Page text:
Service in need of radiographers
A serious shortage of radiographers is curtailing the amount of X-ray services available in hospitals throughout the State, the Irish Institute of Radiography (IIR) has said.
Staff shortage means several hospitals have "a programme of rolling closures" already in place during which CT, MRI and ultrasound scanning can only operate on alternate days, Mr Liam Murray, the IIR president, said.
One Dublin hospital has 18 radiographer vacancies and almost all Dublin hospitals are down 10 to 20 per cent of the radiographers needed, he said. The problem is compounded by unnecessary X-ray referrals, and two-fifths of X-rays do not benefit the patient, he said. Hospitals and GPs applying IIR guidelines on whether an X-ray would be useful had led to a 30 per cent drop in referrals.
Large city hospitals find it difficult to recruit staff due to "traffic congestion and lack of affordable accommodation". Smaller hospitals are "viewed as unattractive because of the onerous on-call commitment". He said the shortage is due to a "long overdue regional expansion" of imaging services, coupled with the more widespread availability of additional services, like the new CT, or t he breast-screening programme.
The staff shortage is worldwide, Mr Murray said, and the IIR is advertising abroad, in countries with radiographer shortages. They, in turn, are advertising in the State.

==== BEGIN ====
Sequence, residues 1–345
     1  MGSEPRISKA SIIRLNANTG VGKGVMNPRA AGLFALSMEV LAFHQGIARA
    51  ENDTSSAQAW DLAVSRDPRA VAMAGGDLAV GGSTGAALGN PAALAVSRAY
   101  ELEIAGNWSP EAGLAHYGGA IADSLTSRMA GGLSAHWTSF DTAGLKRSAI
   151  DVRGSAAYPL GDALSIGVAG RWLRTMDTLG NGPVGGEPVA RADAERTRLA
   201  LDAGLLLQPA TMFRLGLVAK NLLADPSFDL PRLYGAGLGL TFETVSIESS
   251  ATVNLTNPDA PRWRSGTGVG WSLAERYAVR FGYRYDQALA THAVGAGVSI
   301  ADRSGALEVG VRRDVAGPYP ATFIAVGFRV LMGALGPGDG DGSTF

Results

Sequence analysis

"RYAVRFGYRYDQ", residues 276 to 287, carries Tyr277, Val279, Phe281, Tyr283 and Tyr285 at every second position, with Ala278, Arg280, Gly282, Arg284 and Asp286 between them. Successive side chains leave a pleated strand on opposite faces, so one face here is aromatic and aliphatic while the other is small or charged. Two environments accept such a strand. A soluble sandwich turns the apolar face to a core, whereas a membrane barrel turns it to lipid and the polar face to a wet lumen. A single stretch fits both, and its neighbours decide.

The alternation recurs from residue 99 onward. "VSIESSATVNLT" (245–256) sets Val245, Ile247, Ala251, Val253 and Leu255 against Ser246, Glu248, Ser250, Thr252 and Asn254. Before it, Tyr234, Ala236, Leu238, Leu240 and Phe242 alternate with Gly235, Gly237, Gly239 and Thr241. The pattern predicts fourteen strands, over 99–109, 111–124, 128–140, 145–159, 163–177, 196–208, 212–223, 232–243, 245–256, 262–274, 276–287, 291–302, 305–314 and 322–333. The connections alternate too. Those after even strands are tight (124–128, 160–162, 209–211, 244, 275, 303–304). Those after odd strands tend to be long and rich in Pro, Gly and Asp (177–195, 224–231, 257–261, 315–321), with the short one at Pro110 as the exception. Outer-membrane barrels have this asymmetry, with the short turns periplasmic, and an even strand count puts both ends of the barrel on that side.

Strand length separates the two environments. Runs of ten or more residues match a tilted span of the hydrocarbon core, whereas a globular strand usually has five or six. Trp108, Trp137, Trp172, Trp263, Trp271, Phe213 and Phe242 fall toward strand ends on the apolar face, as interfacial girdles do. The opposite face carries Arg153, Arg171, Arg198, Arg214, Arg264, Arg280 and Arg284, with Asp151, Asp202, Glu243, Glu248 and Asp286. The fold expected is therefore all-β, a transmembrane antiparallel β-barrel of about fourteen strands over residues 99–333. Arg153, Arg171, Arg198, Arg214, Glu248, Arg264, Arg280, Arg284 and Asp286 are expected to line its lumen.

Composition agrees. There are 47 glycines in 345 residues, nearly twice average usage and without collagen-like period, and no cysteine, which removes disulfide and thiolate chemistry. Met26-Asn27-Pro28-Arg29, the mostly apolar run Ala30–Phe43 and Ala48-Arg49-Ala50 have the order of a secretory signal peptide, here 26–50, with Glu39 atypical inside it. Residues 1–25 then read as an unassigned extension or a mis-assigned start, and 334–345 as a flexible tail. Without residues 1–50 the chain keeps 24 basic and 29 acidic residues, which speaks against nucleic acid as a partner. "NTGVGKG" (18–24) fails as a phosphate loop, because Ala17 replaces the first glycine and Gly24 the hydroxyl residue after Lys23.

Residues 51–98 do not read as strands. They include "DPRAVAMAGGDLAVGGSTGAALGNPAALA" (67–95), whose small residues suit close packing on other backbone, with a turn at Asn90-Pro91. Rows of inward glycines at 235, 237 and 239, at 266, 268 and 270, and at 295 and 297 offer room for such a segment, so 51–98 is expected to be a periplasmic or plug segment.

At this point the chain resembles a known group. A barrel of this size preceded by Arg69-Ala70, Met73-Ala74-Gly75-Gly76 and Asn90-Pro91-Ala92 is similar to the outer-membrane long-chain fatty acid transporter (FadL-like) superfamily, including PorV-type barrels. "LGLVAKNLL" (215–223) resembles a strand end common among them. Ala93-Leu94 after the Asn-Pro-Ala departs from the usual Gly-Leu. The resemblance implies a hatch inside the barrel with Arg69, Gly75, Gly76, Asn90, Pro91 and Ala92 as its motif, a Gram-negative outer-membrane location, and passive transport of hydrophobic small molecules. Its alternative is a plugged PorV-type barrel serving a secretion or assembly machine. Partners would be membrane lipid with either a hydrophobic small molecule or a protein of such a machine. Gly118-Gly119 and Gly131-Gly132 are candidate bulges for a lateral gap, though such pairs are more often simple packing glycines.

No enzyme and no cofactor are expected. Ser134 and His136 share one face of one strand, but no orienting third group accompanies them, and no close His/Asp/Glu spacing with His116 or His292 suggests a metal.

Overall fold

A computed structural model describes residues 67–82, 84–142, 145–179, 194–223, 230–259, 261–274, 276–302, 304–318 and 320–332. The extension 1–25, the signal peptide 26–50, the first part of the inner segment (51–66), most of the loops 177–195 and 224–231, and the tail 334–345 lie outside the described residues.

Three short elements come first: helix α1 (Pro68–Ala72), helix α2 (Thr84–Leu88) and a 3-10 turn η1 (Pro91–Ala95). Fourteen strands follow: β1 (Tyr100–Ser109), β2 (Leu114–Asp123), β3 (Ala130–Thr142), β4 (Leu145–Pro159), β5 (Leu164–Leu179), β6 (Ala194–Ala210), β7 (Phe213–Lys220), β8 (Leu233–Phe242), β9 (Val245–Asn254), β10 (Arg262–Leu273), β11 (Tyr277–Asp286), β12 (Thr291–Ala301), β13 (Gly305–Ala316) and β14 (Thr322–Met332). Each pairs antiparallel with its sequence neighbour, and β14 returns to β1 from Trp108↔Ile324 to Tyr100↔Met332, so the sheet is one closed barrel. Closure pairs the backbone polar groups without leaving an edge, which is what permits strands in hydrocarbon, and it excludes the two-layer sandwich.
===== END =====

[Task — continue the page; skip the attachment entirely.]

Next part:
Meanwhile, the Department of Health yesterday confirmed plans to divert one in five non-emergency cases to GPs and new central GP units.
Part of the national health strategy to be published later this year means upgraded accident and emergency (A&E) units will be installed in major cities.
In St Columcille's Hospital, Loughlinstown, Co Dublin, evening surgery continues to be cancelled due to the nurses' pay dispute. Six ambulance calls in the past week have been diverted to St Vincent's Hospital, two of which were referred back to Loughlinstown after assessments.
Last week theatre nurses, who are members of the Irish Nurses' Organisation (INO), refused to work on call. Surgery after 4.30 p.m. was cancelled.
A spokesman said the INO was seeking a renegotiation of the national nursing on-call rate.
Ms Noreen Browne, the INO industrial relations officer, said a 1999 Labour Court recommendation allowed employers to deal with the issue locally.